Social scientists consider themselves lucky when they can adequately explain an important social phenomenon ex post facto. Crystal-balling the future, however, is a perilous undertaking, not least because it involves making somewhat static extrapolations from a highly dynamic social world that often unfolds contingently and without much forewarning. Any forecasting of the future can at best be a cautiously probabilistic estimate, subject to history’s many twists and turns.

    The question that this chapter seeks to answer calls for such peeping into the future: what will Pakistan look like in five to seven years? It is safe to argue that it...

  17. 13 Looking at the Crystal Ball
    (pp. 215-224)
    HILARY SYNNOTT

    It is a truism that there can be no adequate understanding of Pakistan without a knowledge of its past. If that is true of the present, it must also be true of any attempt to look into the future. But where in Pakistan’s complex historical narrative should one make a start?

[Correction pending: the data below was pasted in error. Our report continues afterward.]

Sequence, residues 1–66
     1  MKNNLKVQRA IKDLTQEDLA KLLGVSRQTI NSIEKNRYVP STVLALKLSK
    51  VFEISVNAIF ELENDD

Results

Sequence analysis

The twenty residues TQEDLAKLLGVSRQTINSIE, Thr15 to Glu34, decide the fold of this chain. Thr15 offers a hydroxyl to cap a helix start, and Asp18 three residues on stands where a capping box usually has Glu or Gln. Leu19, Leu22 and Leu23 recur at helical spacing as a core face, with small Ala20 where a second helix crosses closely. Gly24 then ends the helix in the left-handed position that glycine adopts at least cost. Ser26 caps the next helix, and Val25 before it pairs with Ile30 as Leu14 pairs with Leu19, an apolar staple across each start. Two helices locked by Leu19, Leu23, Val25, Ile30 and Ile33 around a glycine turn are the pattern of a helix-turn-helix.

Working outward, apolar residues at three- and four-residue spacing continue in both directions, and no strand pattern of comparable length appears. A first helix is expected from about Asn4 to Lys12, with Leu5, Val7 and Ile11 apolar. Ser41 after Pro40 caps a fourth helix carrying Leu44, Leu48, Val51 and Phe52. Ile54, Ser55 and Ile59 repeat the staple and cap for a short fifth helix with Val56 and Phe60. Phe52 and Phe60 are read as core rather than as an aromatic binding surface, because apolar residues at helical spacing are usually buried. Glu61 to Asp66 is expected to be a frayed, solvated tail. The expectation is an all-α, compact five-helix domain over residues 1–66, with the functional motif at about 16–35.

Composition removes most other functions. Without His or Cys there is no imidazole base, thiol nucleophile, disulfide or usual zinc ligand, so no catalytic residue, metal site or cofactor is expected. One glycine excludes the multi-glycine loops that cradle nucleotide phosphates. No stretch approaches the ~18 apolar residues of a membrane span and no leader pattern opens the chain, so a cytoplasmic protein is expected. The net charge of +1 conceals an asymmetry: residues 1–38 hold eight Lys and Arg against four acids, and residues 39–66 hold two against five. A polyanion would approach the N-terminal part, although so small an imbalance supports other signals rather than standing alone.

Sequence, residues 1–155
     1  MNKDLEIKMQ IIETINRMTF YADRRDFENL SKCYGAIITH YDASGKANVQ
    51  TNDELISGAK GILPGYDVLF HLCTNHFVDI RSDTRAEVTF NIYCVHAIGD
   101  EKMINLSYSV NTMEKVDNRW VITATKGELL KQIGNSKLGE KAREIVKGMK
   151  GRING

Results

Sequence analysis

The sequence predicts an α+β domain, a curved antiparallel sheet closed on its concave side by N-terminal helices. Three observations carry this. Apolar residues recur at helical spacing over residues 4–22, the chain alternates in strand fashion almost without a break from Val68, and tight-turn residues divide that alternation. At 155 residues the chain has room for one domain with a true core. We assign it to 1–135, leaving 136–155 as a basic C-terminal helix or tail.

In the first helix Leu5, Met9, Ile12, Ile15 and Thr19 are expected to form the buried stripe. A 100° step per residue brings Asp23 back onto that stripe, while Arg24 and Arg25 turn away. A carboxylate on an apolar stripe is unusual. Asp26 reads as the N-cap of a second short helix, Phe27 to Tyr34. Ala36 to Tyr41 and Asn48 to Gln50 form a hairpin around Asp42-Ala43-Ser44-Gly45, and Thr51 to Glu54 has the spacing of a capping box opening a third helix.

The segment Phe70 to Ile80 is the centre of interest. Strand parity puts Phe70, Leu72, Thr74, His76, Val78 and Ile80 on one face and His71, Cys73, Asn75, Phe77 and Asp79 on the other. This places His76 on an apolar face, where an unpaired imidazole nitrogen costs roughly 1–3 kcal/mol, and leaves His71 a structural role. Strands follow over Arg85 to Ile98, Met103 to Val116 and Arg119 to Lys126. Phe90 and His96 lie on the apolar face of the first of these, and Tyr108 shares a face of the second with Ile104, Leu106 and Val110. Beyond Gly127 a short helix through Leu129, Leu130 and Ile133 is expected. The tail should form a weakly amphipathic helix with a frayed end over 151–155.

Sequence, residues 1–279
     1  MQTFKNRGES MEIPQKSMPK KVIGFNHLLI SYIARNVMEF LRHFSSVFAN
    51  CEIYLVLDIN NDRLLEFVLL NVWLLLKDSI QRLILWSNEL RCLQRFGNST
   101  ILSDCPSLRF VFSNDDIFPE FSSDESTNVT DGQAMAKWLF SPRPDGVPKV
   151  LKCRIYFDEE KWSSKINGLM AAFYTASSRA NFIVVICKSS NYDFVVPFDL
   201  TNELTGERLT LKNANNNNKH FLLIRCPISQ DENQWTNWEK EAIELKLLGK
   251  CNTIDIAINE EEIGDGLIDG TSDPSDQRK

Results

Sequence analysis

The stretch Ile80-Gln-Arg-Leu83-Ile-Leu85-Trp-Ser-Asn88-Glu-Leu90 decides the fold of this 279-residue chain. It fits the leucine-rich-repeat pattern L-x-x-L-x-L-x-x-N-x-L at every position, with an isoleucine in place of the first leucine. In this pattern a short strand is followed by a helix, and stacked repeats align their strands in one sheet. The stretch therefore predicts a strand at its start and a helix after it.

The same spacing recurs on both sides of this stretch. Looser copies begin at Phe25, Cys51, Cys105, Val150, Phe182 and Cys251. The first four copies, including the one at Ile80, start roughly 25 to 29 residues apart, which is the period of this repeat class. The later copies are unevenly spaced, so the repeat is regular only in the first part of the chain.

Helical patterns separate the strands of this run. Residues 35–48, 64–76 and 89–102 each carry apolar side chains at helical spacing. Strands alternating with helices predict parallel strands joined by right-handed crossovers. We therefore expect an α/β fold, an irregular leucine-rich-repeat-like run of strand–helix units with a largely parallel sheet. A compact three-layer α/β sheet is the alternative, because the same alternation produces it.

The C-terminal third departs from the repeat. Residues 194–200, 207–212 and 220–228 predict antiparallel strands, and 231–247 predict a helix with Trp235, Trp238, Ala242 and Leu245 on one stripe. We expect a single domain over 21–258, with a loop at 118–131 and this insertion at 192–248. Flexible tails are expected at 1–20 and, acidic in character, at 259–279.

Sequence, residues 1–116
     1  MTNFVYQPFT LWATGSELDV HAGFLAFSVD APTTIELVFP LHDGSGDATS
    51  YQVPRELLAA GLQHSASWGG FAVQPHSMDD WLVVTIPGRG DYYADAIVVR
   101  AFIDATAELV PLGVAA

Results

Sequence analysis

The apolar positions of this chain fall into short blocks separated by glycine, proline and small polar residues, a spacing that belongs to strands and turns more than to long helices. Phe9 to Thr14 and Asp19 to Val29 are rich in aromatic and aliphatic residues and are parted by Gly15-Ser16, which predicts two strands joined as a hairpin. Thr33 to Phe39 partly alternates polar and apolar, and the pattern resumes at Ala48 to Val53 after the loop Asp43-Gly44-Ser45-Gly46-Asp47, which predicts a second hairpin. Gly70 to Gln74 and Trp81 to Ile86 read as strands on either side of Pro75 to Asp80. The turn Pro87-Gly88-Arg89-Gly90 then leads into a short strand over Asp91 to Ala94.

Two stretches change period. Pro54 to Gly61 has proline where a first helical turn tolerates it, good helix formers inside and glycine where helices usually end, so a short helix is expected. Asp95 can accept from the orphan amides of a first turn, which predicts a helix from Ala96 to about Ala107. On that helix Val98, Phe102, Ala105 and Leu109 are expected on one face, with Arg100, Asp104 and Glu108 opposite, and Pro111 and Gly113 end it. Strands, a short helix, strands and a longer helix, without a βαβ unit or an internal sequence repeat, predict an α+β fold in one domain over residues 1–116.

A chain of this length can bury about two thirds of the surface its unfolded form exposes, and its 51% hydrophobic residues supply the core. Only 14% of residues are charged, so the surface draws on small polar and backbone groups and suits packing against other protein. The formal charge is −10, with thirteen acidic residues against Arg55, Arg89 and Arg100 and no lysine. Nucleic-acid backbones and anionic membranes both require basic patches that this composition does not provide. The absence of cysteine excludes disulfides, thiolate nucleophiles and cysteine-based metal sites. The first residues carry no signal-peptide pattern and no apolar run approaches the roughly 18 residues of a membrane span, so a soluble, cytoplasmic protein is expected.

Perhaps in the period of the great movement toward politicized religion led by Zia ul-Haq, so effectively supported by the CIA, in the 1980s? This would encompass two of Pakistan’s four experiences of military rule, the to-ing and fro-ing of elected but scarcely democratic governments, the development and proliferation...

  18. 14 Regime and System Change
    (pp. 225-235)
    MARVIN G. WEINBAUM

    When a country continually experiences the ebb and flow of crises, as is the case with Pakistan, its future becomes more difficult to chart. Challenges to Pakistan’s economy, constitutional order, political integration, and national security leave open a wide range of potential outcomes. During its sixty-four-year history, the country has experienced the trauma of wars, territorial dismemberment, loss of top leaders, economic shocks, and more. Yet little appears to change. The political, economic, and social establishment that was ensconced decades ago is still largely intact. Whatever the regime, military authority continues to eclipse civilian rule in critical policy areas, and...

  19. 15 Population Growth, Urbanization, and Female Literacy
    (pp. 236-248)
    ANITA M. WEISS